Derek Black’s article in the Vanderbilt Law Review, “Federalizing Education By Waiver,” has been cited by Slate, The Washington Post and The Huffington Post, as well as Utah Attorney General Sean Reyes and Florida Governor Rick Scott as they explored educational and constitutional issues surrounding Common Core and No Child Left Behind.
Elizabeth Chambliss, professor and director of the Nelson Mullins Riley & Scarborough Center on Professionalism, was appointed in May 2014 to the ABA’s Commission on the Future of Legal Services, chairing the Data on Legal Services Delivery Working Group. She also joined the S.C. Access to Justice Commission in November.
Josh Eagle spoke on the “Law and Governance of Global Fisheries in the Era of Climate Change” at the Toward a Sustainable 21st Century: Ocean Health, Global Fishing, and Food Security conference at the University of California Irvine in November 2014. In January, the second edition of Eagle’s Aspen casebook, “Coastal Law,” was published.
Josh Gupta-Kagan presented at the AALS Children and the Law Section’s panel at the AALS Annual Meeting in January. His paper, “The New Permanency,” was selected for presentation at the AALS mid-year meeting this summer.
David Owen, Carolina Distinguished Professor of Law emeritus, has published Owen & Davis on Products Liability Law (fourth ed. 2014, Thomson Reuters, 4 vols.), Products Liability Law (third ed. 2015) (West Hornbook), and Products Liability in a Nutshell (West 2015).
Aparna Polavarapu received a research award from the U.S. State Department, administered by the USC Rule of Law Collaborative, in December 2014. The award will fund research in Uganda on the administration of justice in informal and formal court systems. In February, she gave a talk on customary legal systems to USAID’s D.C. and internationally-based personnel.
Joe Seiner’s Iowa Law Review article, “Punitive Damages, Due Process, and Employment Discrimination,” was cited multiple times by the chief judge of the Ninth Circuit in its en banc decision for Aguilar v Asarco LLC.
Dean Rob Wilcox was appointed to the S.C. Judicial Merit Selection Commission in October 2014. The commission selects candidates from which the S.C. legislature fills judicial appointments. Wilcox was also named to the ABA Task Force on Financing of Legal Education in May.
Tessa Davis has an LL.M. in taxation, a master’s in social anthropology and is focusing on the ways in which tax laws and policies are influenced by cultural context. Her latest paper, “Mapping the Families of Tax,” appears in the Virginia Journal of Social Policy and the Law.
Kevin Haeberle is one of the few law professors in the nation teaching capital markets regulation. His work focuses on the regulation of securities markets as well as corporate and securities law. He was a post-doctoral research scholar at Columbia Law School and Columbia Business School Program on the Law and Economics of Capital Markets. In November 2014, he was part of a panel titled “Dark Pools and High Frequency Trading” at Columbia Law School’s conference, “Current Issues in Securities Regulation: The Hot Topics.”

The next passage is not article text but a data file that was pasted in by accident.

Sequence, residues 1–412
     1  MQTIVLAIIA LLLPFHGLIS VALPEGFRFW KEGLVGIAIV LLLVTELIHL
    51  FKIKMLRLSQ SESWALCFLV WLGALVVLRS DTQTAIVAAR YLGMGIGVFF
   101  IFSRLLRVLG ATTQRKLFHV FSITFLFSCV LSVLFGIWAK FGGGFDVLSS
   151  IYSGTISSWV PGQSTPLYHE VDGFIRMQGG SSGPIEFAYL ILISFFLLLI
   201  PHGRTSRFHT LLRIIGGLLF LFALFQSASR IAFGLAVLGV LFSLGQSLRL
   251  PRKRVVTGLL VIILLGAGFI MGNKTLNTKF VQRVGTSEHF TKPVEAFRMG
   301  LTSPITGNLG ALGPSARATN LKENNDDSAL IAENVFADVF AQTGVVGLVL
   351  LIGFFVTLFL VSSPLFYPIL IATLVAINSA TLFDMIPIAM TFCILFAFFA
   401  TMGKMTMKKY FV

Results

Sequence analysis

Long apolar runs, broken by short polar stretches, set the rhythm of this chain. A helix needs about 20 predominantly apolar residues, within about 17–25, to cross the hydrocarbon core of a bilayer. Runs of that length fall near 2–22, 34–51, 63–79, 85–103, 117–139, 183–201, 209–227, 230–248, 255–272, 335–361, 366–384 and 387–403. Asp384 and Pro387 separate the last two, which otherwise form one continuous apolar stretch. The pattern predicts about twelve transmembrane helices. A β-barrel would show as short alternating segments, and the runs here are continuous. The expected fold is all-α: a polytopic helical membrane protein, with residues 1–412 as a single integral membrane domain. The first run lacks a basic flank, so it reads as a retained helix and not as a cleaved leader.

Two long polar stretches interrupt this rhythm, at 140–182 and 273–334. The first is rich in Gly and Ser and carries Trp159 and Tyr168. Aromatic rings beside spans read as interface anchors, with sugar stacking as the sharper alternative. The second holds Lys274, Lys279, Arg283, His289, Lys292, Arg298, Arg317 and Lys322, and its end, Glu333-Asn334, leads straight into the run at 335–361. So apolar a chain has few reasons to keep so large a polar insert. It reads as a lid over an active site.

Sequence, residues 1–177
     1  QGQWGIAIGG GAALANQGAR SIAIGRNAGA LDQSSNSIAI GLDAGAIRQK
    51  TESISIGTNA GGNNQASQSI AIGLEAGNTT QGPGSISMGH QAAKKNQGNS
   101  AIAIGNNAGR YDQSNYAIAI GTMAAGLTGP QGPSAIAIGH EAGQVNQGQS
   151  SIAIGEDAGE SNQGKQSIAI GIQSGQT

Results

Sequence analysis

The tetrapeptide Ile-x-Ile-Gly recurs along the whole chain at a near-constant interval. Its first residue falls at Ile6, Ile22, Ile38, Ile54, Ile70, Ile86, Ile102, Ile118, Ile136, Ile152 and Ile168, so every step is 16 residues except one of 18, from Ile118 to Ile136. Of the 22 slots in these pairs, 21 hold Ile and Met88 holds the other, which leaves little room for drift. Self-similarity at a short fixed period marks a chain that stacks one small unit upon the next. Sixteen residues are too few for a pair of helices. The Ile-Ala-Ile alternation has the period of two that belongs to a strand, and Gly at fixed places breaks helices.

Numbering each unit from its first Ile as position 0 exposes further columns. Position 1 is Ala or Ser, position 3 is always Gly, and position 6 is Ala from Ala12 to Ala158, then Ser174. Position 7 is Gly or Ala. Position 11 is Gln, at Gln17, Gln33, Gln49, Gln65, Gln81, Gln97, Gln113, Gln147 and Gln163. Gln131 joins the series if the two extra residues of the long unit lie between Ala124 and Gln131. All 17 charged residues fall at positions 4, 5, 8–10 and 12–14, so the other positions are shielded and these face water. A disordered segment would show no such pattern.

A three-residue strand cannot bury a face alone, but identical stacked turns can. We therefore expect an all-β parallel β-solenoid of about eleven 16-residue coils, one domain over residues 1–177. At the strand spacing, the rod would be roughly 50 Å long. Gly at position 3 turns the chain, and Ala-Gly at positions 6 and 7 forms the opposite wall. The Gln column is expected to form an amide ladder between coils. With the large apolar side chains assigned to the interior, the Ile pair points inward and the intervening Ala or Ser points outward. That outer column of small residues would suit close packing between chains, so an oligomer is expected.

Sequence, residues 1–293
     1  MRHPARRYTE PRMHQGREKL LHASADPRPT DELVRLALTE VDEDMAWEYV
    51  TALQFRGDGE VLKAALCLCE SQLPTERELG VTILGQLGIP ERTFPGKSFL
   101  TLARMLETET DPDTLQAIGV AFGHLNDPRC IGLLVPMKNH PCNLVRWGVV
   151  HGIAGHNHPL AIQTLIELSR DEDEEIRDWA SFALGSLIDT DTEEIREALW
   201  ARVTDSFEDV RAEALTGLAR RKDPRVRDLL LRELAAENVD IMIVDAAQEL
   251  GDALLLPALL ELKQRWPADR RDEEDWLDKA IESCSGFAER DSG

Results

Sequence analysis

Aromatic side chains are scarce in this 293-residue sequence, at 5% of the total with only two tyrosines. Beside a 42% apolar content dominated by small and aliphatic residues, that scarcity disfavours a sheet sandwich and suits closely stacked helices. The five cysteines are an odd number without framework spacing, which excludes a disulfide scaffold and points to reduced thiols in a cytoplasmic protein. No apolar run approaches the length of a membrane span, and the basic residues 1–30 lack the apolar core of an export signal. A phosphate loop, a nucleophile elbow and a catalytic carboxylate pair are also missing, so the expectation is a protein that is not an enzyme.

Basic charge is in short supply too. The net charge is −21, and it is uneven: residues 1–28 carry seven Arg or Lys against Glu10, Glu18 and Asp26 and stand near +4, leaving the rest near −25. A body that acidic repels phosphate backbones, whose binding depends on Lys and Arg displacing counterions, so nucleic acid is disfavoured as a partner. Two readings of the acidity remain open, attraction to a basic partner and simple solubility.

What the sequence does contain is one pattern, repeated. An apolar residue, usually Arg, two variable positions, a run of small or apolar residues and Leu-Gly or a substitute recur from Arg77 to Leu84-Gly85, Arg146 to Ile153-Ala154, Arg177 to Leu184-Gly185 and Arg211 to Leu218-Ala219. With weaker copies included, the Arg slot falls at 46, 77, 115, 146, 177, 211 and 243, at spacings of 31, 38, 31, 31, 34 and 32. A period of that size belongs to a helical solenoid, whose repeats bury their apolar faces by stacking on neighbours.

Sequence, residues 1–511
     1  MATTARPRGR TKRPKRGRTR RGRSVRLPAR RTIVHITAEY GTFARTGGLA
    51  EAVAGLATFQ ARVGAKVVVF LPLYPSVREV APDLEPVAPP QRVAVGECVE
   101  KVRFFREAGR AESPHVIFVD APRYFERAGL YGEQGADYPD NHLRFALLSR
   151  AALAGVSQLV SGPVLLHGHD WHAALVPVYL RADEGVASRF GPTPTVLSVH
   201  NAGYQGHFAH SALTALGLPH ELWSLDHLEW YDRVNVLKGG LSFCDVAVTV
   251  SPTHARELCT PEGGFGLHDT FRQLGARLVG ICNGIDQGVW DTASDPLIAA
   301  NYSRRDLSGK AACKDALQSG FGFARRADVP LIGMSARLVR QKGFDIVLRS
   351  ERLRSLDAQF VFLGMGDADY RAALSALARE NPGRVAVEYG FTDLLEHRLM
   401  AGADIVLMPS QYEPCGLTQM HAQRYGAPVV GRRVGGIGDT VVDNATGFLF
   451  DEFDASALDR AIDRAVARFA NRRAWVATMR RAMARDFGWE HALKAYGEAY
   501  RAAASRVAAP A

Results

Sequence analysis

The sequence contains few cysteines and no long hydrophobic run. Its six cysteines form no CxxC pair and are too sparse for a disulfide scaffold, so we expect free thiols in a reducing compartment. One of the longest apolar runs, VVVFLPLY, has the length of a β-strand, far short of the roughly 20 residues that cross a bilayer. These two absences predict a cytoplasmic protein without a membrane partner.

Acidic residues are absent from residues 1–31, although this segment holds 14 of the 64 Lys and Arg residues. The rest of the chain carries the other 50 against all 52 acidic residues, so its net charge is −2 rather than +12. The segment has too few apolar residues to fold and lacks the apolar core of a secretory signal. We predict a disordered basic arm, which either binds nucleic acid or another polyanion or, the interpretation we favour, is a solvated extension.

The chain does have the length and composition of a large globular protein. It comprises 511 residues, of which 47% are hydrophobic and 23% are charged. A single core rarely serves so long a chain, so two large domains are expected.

Shelby Leonardi is the eighth faculty member devoted to our intensive Legal Research, Analysis & Writing Program. As a former federal law clerk and litigation associate, Leonardi has been on both sides of the bench and knows that a lawyer’s ability to write effectively can make or break her case.
Nathan Richardson is a former resident scholar at Resources for the Future and an expert in a range of environmental and energy issues, including U.S. climate policy, state and local regulation of oil and gas development (including hydraulic fracturing), evolution of the electric utility sector, and forestry management.
Bryant Walker Smith is an internationally recognized expert on the law of self-driving vehicles and taught the first-ever course on this topic. Previously, he led Stanford University’s Legal Aspects of Autonomous Driving Program. Smith appeared at more than a dozen universities and automotive conferences during the fall semester, speaking on legal issues surrounding self-driving vehicles, drones, Uber and other innovations.
Seth Stoughton is a former Climenko Fellow at Harvard Law School and has an internationally recognized expertise in police procedure, use of force, and police/community relations. He conducts research on factors that influence officer behavior. Stoughton’s op-ed articles have appeared in The New York Times and The Atlantic. In February, Stoughton spoke at the St. Louis University Public Law Review’s symposium, “The Thin Blue Line: Policing Post-Ferguson.”